WOOSTER, Ohio — Middle school students have plenty of ways to express themselves these days — from texting to tweeting to tagging — but the 700 seventh and eighth graders who gathered at The College of Wooster last Friday (May 25) took a much more traditional approach. As contestants in the 27th Power of the Pen State Championship, these gifted young authors set aside their smart phones and replaced them with paper, pencil, and plenty of imagination.
The students, who qualified for state from an original pool of more than 7,000 contestants by advancing through district and regional competitions, were greeted by prompts designed to stretch and sometimes strain their brains in each of the first three preliminary rounds on Friday morning. Topics included “The Shell: Crawl into or out of one in your story” for seventh graders, and “Enigma: Write about one that baffles you” for eighth graders. The top finishers moved on to a power round, and the champions were determined from there.
The winner of the seventh-grade competition was Rachel Barkley of Indian Valley Middle School. She was followed by Molly Zachlin (Gesu School) in second and Ellie Kapcar (Mariemont Junior High) in third. The eighth-grade winner was Audrey Spensley of Learwood Middle School in Avon Lake, followed by Lily Lu (Mason Middle School) in second, and Elisa Stanis (Summit Country Day) in third. The team championship went to Timberstone Junior High School, followed by Henry Carrier Middle School in second and Athens Middle School in third.
Also honored during Friday afternoon’s award ceremony were Abby Studebaker (Tecumseh Middle School), Brittney Dorton (Mason Middle School), and Emma Fenstermaker (Athens Middle School), who finished first, second, and third, respectively, in the category of Most Promising Young Talent. All three received $24,000 scholarships ($6,000 per year for four years) to The College of Wooster if they enroll and are accepted following their graduation from high school. Fenstermaker also won The Elise M. Beachler Award for Creative Young Talent among eighth graders for “Happy Place,” while Katelyn Vlastaris (Birchwood School) was the seventh-grade winner for “The Clone.”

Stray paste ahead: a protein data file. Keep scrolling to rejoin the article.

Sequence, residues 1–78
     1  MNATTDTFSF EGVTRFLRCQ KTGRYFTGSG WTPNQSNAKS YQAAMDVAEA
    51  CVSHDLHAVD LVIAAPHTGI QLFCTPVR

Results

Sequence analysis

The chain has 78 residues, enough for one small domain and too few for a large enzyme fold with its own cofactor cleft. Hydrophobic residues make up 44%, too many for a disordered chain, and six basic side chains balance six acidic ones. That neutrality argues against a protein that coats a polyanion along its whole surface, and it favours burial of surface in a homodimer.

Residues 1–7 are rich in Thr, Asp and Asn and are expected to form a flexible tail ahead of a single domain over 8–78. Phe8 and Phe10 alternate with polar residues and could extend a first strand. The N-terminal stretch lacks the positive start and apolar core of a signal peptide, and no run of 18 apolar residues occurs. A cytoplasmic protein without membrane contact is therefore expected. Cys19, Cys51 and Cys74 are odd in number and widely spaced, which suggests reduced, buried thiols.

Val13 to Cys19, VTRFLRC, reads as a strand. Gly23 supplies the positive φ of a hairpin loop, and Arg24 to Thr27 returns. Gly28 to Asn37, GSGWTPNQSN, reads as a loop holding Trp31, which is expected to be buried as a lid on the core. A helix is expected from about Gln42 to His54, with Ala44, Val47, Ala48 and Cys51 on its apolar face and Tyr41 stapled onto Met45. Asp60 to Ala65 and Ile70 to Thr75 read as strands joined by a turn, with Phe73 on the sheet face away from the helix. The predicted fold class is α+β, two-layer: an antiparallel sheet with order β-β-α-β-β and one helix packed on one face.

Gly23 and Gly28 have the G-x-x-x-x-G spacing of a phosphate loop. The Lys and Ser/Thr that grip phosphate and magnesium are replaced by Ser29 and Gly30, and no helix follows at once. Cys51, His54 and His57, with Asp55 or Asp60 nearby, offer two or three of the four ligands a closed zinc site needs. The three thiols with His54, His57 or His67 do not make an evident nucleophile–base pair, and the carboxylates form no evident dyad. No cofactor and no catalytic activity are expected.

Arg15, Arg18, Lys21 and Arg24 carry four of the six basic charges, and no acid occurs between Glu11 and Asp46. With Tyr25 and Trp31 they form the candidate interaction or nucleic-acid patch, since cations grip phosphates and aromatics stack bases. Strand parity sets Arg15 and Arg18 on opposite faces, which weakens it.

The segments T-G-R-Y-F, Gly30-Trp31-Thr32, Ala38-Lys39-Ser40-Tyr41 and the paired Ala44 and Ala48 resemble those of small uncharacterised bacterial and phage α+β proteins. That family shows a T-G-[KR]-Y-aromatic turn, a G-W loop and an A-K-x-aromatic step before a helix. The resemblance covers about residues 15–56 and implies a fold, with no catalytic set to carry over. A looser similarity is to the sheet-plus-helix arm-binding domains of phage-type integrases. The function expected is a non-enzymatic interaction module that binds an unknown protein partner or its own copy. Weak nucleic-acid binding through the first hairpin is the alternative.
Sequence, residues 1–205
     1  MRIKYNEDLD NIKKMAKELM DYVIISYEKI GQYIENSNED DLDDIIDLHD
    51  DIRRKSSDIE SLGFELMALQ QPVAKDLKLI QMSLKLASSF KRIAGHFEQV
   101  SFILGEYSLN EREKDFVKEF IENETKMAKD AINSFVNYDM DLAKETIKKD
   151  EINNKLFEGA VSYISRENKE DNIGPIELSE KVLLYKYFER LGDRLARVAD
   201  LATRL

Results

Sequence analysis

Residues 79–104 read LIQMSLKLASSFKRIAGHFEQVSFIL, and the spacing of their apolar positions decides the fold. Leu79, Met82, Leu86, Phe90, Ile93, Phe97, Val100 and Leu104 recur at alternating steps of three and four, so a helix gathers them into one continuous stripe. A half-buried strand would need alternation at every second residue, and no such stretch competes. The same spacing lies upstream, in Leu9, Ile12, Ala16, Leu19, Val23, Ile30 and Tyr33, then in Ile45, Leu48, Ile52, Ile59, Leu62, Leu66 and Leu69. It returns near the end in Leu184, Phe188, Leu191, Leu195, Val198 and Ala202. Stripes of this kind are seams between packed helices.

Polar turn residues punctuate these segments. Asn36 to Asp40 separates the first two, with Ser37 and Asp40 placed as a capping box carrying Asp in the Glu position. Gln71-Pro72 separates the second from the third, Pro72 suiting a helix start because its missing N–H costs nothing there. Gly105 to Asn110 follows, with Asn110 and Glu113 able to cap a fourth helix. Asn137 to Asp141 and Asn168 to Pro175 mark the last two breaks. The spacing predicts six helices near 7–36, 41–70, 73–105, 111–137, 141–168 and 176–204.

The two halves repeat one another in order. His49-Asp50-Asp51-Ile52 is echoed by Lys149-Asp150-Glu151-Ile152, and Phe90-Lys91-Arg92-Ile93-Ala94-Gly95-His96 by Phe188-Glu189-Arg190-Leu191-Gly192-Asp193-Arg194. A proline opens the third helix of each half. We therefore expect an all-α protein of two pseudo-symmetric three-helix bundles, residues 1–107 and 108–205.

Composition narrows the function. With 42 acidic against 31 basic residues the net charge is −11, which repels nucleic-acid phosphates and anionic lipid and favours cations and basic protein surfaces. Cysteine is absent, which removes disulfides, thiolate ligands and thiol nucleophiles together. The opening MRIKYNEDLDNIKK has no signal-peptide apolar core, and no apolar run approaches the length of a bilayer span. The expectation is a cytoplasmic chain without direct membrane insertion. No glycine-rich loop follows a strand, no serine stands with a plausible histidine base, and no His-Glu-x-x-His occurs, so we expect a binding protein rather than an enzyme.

Other award winners included Isabella Nilsson (Hathaway Brown School) for her humorous piece, “Alex in Wonderland,” and Max Berry (Northridge Middle School) for his poem, “Theater.”
But even those who didn’t finish among the winners felt good about their experience. “It was amazing,” said Whitney Kneffler, an eighth grader from Welty Middle School in New Philadelphia. Her coach, Diana Burkey, also spoke in glowing terms about Power of the Pen. “It’s a great program for students, a great outlet for creative expression,” she said.
Diane Compton, the coach at Mentor Shore Middle School, was equally enthusiastic. “I never cease to be amazed by what these students are able to create at their age,” she said. “I am really inspired by them.”
Perhaps the biggest news at the tournament was the announcement that Stan and Flo Gault, longtime benefactors of The College of Wooster, had become the newest sponsors of Power of the Pen. Flo, an English major while at Wooster, did her Senior Independent Study (Wooster’s nationally renowned undergraduate research experience) on author John Wesley and his impact on other noteworthy literary figures.
Inspired by Wesley’s call to “do all the good you can,” Flo advised Power of the Pen contestants to reach within themselves to find the inspiration to write words that propel them to the world of their greatest imagination. “Take pride in appreciating those words of wisdom written before,” she said. “One day, your love, your life, and your accomplishments will undoubtedly blossom as well.”
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